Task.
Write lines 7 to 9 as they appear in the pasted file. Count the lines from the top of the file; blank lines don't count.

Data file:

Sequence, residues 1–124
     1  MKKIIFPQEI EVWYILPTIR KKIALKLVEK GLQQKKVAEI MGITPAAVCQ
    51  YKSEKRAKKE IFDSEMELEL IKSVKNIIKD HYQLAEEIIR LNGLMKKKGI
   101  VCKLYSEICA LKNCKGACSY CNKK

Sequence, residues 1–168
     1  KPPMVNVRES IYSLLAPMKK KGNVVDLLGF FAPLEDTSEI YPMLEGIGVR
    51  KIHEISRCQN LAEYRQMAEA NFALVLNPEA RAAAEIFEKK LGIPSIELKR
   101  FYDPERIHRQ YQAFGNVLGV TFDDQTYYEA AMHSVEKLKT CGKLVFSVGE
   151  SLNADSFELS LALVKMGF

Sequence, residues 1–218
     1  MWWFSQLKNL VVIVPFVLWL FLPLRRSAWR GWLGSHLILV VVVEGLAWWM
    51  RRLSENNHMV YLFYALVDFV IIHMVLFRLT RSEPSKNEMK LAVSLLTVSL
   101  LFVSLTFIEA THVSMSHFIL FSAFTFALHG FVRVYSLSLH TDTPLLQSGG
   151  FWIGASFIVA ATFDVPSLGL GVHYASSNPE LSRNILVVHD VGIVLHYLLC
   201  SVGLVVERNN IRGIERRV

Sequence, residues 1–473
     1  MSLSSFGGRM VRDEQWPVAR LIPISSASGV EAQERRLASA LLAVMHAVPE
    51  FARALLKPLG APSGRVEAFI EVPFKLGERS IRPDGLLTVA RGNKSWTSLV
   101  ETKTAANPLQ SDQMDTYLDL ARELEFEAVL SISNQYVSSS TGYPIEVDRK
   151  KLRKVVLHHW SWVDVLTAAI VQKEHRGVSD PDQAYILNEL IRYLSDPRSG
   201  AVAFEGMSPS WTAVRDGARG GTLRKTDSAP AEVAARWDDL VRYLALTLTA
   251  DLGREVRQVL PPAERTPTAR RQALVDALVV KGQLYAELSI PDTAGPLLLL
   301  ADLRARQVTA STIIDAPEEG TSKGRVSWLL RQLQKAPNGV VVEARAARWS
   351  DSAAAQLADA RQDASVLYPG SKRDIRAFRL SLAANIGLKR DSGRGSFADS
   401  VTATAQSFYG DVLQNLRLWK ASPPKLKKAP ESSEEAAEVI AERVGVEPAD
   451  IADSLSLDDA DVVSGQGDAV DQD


    51  KIHEISRCQN LAEYRQMAEA NFALVLNPEA RAAAEIFEKK LGIPSIELKR
   101  FYDPERIHRQ YQAFGNVLGV TFDDQTYYEA AMHSVEKLKT CGKLVFSVGE
   151  SLNADSFELS LALVKMGF